Early starters: Which type of criminal onset matters most for delinquent careers?

Matt DeLisi, Tricia K. Neppl, Brenda J. Lohman, Michael G. Vaughn, Jeffrey J. Shook

Research output: Contribution to journalArticlepeer-review

76 Citations (Scopus)


Background: Across multiple conceptual models in the social and behavioral sciences, the onset of antisocial behavior is inversely related to the developmental course and severity of the delinquent career. Despite this relation, there is little agreement about the best way to measure early onset. Materials and methods: Data are derived from a non-probability sample of 252 boys and girls adjudicated and placed in private long-term residential placement facilities in Pennsylvania. Descriptive, negative binomial regression models, and t-tests were used to examine the effects of antisocial behavioral onset, police contact/arrest onset, and juvenile court referral onset on various aspects of the delinquent career. Results: Arrest onset was most consistently related to antisocial outcomes including two models for career arrests and two models for self-reported delinquency. Antisocial behavioral onset was associated with psychopathic personality in both models. Juvenile court referral onset was not significantly associated with any parameter of the delinquent careers. Youths with ADHD or CD diagnoses experienced earlier onset than their peers without these disordered, and the effects for more consistent for ADHD. Conclusion: Police contact/arrest onset emerged as the most consistent indicator of delinquent career severity.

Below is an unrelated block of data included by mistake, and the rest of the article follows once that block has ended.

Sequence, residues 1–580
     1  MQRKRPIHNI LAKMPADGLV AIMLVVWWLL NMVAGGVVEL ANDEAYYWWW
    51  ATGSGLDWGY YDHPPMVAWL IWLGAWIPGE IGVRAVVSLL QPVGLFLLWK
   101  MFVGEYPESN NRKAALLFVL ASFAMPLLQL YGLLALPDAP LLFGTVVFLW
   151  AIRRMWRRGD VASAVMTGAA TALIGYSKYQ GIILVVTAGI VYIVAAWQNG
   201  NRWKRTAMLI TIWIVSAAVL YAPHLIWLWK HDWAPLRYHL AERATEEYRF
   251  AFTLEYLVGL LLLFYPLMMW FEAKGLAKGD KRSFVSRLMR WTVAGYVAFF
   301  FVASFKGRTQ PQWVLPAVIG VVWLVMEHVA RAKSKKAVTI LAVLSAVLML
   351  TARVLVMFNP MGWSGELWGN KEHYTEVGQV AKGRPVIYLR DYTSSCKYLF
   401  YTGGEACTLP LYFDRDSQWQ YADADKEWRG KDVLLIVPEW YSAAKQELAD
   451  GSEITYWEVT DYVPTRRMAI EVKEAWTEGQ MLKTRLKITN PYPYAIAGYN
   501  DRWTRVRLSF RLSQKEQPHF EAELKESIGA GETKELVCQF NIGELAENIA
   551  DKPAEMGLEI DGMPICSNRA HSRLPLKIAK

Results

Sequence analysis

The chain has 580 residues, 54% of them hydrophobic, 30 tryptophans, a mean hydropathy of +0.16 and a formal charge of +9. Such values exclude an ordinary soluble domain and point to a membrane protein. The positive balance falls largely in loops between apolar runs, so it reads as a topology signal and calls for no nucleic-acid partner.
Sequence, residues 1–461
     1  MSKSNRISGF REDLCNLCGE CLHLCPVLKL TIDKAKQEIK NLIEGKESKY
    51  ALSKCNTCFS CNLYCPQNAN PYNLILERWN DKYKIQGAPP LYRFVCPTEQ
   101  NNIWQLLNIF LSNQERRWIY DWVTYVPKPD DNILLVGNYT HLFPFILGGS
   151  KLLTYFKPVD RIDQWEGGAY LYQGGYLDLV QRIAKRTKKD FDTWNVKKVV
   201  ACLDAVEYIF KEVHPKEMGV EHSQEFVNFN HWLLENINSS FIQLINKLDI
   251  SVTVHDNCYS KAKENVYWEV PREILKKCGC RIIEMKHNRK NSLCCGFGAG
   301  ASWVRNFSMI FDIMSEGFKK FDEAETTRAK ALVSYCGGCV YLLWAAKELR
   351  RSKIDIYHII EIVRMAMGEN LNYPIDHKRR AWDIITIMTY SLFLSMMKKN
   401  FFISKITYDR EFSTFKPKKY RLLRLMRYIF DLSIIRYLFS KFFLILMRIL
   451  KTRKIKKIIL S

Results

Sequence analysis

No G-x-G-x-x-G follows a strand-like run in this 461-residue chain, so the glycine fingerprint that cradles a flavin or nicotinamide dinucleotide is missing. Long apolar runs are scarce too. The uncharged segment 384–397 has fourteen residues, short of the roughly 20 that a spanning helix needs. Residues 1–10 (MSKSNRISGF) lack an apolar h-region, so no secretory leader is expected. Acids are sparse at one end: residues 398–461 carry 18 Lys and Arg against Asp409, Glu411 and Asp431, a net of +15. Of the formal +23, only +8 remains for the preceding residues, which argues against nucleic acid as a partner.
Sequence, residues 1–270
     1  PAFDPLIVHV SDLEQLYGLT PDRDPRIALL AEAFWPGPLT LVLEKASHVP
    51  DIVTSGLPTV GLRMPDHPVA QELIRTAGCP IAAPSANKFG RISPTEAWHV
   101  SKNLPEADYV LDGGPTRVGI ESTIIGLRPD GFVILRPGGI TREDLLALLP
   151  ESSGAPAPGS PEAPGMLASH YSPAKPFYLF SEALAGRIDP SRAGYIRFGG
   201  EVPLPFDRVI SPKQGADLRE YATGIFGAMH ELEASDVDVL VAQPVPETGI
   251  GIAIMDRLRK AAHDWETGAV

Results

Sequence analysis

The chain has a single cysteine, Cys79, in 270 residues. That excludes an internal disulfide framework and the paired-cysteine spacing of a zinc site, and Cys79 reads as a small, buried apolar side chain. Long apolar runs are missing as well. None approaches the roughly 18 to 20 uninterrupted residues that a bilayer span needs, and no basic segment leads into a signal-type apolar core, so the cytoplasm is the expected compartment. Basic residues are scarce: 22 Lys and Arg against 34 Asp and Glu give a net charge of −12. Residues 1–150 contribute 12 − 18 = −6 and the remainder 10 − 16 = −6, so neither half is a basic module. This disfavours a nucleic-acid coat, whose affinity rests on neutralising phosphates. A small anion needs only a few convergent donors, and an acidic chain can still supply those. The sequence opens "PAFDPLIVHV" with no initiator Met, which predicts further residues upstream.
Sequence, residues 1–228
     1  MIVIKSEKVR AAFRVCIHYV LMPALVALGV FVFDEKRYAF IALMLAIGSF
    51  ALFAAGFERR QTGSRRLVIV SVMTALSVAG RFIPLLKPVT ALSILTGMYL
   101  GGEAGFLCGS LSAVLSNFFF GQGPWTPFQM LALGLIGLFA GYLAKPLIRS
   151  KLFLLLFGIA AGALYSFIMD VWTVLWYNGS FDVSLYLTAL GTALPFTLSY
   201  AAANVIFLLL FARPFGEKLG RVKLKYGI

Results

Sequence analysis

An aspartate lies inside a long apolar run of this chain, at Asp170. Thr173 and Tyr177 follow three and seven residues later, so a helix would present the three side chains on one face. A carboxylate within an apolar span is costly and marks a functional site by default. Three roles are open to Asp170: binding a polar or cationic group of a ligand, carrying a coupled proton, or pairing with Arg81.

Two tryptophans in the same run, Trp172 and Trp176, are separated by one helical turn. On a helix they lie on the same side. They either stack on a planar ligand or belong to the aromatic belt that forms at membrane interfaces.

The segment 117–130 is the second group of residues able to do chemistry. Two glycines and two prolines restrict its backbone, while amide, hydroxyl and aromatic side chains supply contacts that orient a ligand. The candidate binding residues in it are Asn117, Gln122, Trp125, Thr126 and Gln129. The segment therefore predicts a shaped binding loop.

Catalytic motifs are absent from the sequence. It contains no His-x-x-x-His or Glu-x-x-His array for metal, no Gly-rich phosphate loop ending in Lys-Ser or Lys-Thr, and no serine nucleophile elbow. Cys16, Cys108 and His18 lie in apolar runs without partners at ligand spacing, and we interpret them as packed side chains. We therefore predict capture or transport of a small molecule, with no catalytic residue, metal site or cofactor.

Original languageEnglish
Pages (from-to)12-17
Number of pages6
JournalJournal of Criminal Justice
Issue number1
Publication statusPublished - 2013 Jan

All Science Journal Classification (ASJC) codes

  • Social Psychology
  • Applied Psychology
  • Sociology and Political Science
  • Law


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